Gorgon City live review by Dan Scheiman

Gorgon City at Concord Music Hall


Review by Dan Scheiman


The usual duo, Kyle “Foamo” Gibbon and Matt “RackNRuin” Robson-Scott, were accompanied on a brilliantly lit stage by drummer Nathan “Tug” and vocalists Lulu James and Josh Barry. I was aware that this project was growing in popularity, especially out in the UK, but wasn’t too sure what to expect. Clearly, the rest of the crowd knew exactly what was coming and was unbelievably thrilled as soon as the beat dropped. The sound quality was absolutely crystal clear and the addition of the live drums created an irresistible pulse that grabbed ahold of the crowd instantaneously.

As soon as the venue was warmed up, Josh Barry sauntered onto the stage with an infectious smile and a spectacular presence. Josh added a strong but smooth vocal layer to the driving drum and bass that the fans were clearly in love with. He backed up just briefly to give credit to the musicians he was sharing the stage with. Watching Kyle work was like no other DJ I have ever seen. It looked like he was going to either hurt himself or break his equipment by how hard he was cranking on various lever and knobs. With the same intensity, Matt was switching from working his magic on his board, to the mounted drum pads next to him. Between him and Nathan, the syncopation and cadence of their drum parts was like a well-oiled machine.

As soon as I thought the party was reaching its peak, Lulu James snuck her way through the shadows to the front of the stage. The first few tracks she was very reserved and subtle, just accenting Josh’s parts and harmonizing beautifully. Once they both found themselves grounded, the gravitation between them began to amplify the entire show in outrageous ways. Not only did their voices mold together wonderfully, but their magnetic energy resonated throughout the rest of the stage and the entire crowd. One of their most successful tracks, “Ready for Your Love,” had the entire place chanting along as the floor beneath us began to shake. The only complaint I heard throughout the entire crowd in the aftermath was that the show ended too soon. It only points towards more success when the crowd leaves wanting more.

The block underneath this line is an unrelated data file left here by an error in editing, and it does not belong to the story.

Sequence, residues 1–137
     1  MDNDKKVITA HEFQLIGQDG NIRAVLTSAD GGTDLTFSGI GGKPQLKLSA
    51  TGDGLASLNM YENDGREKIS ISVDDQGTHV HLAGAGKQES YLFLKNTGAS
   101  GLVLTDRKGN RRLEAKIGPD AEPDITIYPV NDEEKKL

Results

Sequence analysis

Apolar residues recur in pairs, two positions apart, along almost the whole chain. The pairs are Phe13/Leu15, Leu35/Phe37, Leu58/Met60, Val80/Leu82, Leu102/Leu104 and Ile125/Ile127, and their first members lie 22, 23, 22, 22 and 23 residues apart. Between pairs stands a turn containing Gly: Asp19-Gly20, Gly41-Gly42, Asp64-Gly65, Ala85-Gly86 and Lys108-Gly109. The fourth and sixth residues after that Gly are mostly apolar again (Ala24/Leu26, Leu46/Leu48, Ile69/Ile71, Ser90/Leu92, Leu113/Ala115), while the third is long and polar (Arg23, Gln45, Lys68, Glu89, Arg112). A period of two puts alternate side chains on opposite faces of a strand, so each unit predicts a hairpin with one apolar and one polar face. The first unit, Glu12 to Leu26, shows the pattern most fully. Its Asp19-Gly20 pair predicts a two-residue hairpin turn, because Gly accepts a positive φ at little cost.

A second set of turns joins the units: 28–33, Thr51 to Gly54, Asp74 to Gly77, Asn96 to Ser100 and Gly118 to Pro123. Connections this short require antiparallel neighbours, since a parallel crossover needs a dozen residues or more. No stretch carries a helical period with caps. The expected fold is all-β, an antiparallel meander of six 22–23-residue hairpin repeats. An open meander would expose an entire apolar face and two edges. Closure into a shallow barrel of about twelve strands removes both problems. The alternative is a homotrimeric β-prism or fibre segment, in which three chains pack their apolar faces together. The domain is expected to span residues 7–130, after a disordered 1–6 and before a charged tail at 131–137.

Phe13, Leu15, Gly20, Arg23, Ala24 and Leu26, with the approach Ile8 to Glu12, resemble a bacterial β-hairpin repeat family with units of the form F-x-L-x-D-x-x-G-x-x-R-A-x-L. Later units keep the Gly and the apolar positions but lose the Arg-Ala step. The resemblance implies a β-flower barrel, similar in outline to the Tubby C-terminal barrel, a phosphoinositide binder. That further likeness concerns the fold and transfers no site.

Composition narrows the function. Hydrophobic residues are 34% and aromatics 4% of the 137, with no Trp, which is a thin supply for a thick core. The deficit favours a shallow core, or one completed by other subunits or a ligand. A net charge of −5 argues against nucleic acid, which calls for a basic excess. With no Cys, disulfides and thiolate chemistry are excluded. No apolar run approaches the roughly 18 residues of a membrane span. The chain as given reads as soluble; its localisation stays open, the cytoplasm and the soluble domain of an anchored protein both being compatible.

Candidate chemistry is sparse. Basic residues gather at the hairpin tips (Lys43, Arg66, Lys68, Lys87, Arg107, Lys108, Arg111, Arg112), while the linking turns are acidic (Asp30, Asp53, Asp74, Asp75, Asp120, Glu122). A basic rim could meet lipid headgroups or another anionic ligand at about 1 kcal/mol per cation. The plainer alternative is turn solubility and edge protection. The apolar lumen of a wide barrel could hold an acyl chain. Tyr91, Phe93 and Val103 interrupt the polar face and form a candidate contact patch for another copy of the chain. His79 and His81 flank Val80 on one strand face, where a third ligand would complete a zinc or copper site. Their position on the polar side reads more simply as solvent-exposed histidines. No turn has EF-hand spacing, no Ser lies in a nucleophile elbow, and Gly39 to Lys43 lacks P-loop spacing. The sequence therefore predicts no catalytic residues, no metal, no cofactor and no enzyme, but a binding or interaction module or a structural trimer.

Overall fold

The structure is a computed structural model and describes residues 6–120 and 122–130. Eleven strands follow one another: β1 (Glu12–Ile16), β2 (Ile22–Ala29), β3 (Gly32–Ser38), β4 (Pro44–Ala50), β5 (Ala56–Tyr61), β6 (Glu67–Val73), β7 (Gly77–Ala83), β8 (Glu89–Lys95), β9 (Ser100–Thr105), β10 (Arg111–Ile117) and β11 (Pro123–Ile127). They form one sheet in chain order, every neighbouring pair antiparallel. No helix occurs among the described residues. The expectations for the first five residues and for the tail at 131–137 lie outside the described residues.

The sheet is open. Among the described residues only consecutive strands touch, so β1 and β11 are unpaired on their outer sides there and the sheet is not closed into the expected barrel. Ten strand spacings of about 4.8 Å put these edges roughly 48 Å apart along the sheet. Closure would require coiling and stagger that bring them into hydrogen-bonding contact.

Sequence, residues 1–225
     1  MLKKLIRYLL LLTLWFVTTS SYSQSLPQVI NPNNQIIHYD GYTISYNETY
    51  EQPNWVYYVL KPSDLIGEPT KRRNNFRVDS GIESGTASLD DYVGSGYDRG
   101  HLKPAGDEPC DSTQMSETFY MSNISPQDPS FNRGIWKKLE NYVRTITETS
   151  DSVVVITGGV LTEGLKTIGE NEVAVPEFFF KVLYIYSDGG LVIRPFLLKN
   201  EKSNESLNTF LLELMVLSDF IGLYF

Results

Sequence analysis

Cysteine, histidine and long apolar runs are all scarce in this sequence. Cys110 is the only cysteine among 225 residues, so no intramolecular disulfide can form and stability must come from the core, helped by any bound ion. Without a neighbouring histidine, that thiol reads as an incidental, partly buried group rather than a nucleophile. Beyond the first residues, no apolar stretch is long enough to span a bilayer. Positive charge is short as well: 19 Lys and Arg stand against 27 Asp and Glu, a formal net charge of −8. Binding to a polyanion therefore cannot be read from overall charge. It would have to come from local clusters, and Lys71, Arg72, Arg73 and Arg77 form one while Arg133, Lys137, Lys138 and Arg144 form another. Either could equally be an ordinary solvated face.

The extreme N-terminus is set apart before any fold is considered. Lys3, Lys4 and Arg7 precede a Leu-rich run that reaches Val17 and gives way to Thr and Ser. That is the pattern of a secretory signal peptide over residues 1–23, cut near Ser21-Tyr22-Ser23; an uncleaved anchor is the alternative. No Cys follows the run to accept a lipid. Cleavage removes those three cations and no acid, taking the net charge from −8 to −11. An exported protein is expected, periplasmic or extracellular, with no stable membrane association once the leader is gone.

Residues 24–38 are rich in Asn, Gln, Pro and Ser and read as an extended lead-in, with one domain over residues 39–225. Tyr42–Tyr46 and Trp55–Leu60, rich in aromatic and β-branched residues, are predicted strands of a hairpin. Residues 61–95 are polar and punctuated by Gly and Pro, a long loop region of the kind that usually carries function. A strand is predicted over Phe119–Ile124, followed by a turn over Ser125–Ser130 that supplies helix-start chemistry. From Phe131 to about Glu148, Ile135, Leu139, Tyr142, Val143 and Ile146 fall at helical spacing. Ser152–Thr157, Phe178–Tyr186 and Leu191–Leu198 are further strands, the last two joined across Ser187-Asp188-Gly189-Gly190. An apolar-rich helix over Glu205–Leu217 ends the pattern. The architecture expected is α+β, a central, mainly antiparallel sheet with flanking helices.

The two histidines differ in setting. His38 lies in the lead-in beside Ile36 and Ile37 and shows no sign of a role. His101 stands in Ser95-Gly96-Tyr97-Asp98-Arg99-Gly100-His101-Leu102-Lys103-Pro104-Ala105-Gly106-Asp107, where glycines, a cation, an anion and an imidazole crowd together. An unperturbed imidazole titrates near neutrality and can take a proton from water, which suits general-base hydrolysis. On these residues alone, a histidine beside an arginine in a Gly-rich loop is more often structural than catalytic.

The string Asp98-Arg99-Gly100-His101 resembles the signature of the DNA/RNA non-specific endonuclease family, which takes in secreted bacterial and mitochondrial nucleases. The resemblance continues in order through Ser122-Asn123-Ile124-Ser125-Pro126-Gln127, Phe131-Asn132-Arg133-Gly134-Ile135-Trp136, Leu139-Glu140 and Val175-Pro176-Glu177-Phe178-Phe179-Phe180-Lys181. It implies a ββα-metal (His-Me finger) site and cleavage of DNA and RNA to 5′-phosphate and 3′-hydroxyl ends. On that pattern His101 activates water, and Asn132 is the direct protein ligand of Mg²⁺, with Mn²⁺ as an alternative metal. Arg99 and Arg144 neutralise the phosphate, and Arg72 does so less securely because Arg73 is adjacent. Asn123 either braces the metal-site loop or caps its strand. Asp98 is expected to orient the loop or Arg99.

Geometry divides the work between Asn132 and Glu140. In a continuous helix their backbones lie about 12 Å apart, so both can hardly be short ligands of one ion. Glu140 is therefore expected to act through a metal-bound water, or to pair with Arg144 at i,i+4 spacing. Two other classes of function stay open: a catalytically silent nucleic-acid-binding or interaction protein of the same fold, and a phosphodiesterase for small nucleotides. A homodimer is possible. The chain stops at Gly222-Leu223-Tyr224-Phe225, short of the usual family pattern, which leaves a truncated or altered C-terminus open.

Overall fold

With occasional tribal breakdowns similar to that of Juno Reactor, African drum influence reminiscent of Afro Celt Sound System, and a vocal spirit mirroring that of classic soul, hip hop, and funk, this UK-based house duo is worth looking into. Keep an eye out for them coming near you; they will get your feet moving and lift your spirit to say the very least.


Dan Scheiman With an entirely open and unbiased obsession with music, Dan decided to take the opportunity given to him to share his thoughts for On Stage Review. Having been to hundreds of concerts of a variety of styles and genres over the years, he's no stranger to live music. He has been playing bass guitar for over twelve years now and has been dabbling in vocal work, drums, and piano for almost as long. Growing up listening to metal and industrial then transitioning into jazz and classical, and now having a particular love for funk or anything that grooves; his perspective comes from a well-rounded musical background and some amateur experience as a musician. He has too many favorite bands to list, but some of his favorite live experiences include: Sigur Ros, Porcupine Tree, Papadosio, Tool, The Ocean, Animals As Leaders, Lettuce, and of course, Victor Wooten.